Oat Bran Fermentation by Rye Sourdough
ABSTRACT Hydration of oat bran including fermentation by rye sourdough was studied. Three types of oat bran suspensions were prepared (a control, one with whole meal rye flour added, and one with rye starter added). The suspensions were incubated for 1, 2, 3 and 4 hr. beta-Glucan content and solubilities of protein and beta-glucan were analyzed. Viscosity of the supernatants of oat bran suspensions was determined. Neither the rye sourdough nor the rye flour alone had a significant. effect on the total beta-glucan content of oat bran suspensions. However, the addition of rye, either as whole meal rye flour or as sourdough starter, markedly increased the solubility of beta-glucan and proteins and simultaneously decreased the viscosity of the water-soluble fraction of oat bran suspension. This suggests that a hydrolysis of beta-glucan had occurred that could change the rheological properties of oat bran in baking and the physiological potential of oat bran in nutrition.
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- "Recently, Storsley at al (2003) reported that there were no residual endo β-glucanases in barley flours following deactivation with hot 85% ethanol, and extracts of barley and oat flours were stable in water after 2 hr of treatment with boiling 80% ethanol (Papageorgiou et al 2005). However, there have also been reports of trace residual activity following reflux with aqueous ethanol (Beer et al 1996; Knuckles and Chiu 1999; Fomins et al 2002; Rimsten et al 2003; Andersson et al 2004; Flander at al 2007). Thus, it was important to ensure elimination of endogenous enzymes in this study. "
ABSTRACT: Oat and barley (1→3)(1→4)-β-D-glucans (β-glucan) are readily extracted by hot water but rye β-glucan is resistant to such extraction. This poor extractability might be due to entrapment within a matrix of arabinoxylan (AX) cross-linked through phenolic constituents. AX are the major nonstarch polysaccharides of the rye kernel. In this study, several approaches were compared in an effort to determine optimum conditions for extraction of high yields, high molecular weight (MW), and high purity of β-glucan from Canadian rye whole meal. Variables investigated included sodium hydroxide concentrations, extraction time, sample prehydration, extraction under low temperature, and prior extraction of AX with barium hydroxide. There was a linear relationship between the strength of NaOH and amount of β-glucan extracted and because MW was essentially the same up to 1.0N NaOH, this extraction agent, at room temperature for 90 min, was selected to isolate rye β-glucan. The β-glucan was then purified and structure and molecular weight distribution studied.Cereal Chemistry 05/2008; 85(3-3):283-288. DOI:10.1094/CCHEM-85-3-0283 · 1.23 Impact Factor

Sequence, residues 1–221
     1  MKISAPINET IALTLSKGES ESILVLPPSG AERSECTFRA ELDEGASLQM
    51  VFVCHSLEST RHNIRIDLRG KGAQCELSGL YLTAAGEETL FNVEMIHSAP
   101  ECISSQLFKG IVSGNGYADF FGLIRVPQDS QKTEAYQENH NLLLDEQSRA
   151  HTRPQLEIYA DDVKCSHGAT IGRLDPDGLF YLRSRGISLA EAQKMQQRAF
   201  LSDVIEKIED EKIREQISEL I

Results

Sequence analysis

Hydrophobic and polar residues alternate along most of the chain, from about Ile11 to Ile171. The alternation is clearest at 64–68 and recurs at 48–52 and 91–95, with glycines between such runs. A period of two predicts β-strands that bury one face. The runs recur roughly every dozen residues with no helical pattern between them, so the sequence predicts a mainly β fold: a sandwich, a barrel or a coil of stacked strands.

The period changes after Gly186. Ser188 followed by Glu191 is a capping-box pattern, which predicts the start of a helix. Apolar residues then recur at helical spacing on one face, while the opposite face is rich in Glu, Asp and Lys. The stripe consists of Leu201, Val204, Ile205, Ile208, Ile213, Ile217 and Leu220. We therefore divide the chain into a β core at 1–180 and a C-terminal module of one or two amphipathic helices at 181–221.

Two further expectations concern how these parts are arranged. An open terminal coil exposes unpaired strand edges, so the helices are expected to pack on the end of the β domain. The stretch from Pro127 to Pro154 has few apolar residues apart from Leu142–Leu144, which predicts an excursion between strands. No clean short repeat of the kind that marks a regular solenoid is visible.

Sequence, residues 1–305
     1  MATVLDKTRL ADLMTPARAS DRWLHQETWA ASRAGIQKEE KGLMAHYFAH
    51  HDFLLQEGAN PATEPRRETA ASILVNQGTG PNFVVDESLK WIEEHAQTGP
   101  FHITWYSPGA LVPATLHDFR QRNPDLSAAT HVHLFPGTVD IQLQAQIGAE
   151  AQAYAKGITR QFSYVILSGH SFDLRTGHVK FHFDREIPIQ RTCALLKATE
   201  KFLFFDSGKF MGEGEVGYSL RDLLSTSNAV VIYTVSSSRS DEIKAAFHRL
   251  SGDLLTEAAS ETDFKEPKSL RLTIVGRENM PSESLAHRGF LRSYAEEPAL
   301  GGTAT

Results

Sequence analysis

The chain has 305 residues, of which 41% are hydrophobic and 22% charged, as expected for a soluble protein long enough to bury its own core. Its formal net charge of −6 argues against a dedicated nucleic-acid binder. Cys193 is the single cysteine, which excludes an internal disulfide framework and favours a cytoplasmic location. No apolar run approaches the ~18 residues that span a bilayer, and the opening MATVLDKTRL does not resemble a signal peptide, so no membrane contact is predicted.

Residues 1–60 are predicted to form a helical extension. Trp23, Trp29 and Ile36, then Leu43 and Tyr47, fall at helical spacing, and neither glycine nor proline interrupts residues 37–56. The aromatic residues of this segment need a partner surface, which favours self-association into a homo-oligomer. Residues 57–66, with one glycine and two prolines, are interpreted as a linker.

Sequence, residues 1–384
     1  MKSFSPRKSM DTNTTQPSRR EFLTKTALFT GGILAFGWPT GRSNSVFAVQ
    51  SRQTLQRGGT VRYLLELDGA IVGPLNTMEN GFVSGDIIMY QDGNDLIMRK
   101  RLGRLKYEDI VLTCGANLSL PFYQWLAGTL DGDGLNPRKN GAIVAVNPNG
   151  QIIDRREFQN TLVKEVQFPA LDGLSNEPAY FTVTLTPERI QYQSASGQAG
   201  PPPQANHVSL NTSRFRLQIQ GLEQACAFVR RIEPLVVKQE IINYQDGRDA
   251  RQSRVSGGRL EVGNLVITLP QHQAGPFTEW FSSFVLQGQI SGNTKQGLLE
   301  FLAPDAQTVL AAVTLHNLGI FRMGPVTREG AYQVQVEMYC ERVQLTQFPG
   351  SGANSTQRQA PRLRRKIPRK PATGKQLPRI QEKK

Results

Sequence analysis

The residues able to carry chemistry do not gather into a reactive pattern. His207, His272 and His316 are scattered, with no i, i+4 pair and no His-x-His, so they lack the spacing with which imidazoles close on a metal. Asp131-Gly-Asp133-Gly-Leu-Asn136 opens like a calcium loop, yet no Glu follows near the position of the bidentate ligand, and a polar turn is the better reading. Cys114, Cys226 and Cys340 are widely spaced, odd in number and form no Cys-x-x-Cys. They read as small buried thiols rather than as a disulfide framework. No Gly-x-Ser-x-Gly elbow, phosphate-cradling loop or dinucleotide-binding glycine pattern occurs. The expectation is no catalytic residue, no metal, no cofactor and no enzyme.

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- "Processes involving enzymatic breakdown of beta-glucan may affect the physical state of beta-glucan and reduce its viscosity (Mälkki and Virtanen 2001). Enzymatic breakdown of beta-glucan in processes, including breadmaking were shown in studies where enzyme active ingredients were used (Jaskari et al. 1995, Degutyte-Fomins et al. 2002, Salovaara et al. 2003). However, most of the clinical studies on oats and oat products have paid little attention to describing of the physical state of the beta-glucan. "
ABSTRACT: Oats contain 3-5% of mixed linked beta-glucan, or (1-3), (1-4) β-D-glucan, referred to hereafter as beta-glucan. Oat beta-glucan is a viscous, and soluble dietary fibre component. Soluble and viscous dietary fibres, including the beta-glucan present in oats are associated with two major health promoting effects, i.e. the attenuation of postprandial plasma glucose and insulin levels and the control of cholesterol. Increased viscosity in the intestine delays absorption of glucose and suppresses absorption of cholesterol and reabsorption of bile acids. In spite of its apparent key role physiologically the viscosity of beta-glucan has been discussed relatively little in terms of analytical procedures. In clinical studies performed with oats, the viscosity of beta-glucan has been properly documented in only a few cases. Viscosity of beta-glucan in foods and in the food digest depends on solubility, concentration and molecular weight. A food manufacturer aiming at health-promoting products must pay attention not only to sufficient concentration of beta-glucan (dose) in the raw material, but also to the processing methods that will ensure sufficient solubility of beta-glucan and minimize enzymatic or mechanical breakdown of the beta-glucan molecule. We have been working both with different food processes utilising oat fractions high in beta-glucan and with the development of a method for viscosity determination of the soluble beta-glucan fibre. This review discusses some of the aspects related to the development with a method that could predict the behaviour of beta-glucan in oat processing with respect to its anticipated physiological functions.Agricultural and Food Science 09/2004; 13(1):80-87. DOI:10.2137/1239099041838012 · 1.20 Impact Factor
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ABSTRACT: Thesis (doctoral)--University of Helsinki, 2005. Includes bibliographical references.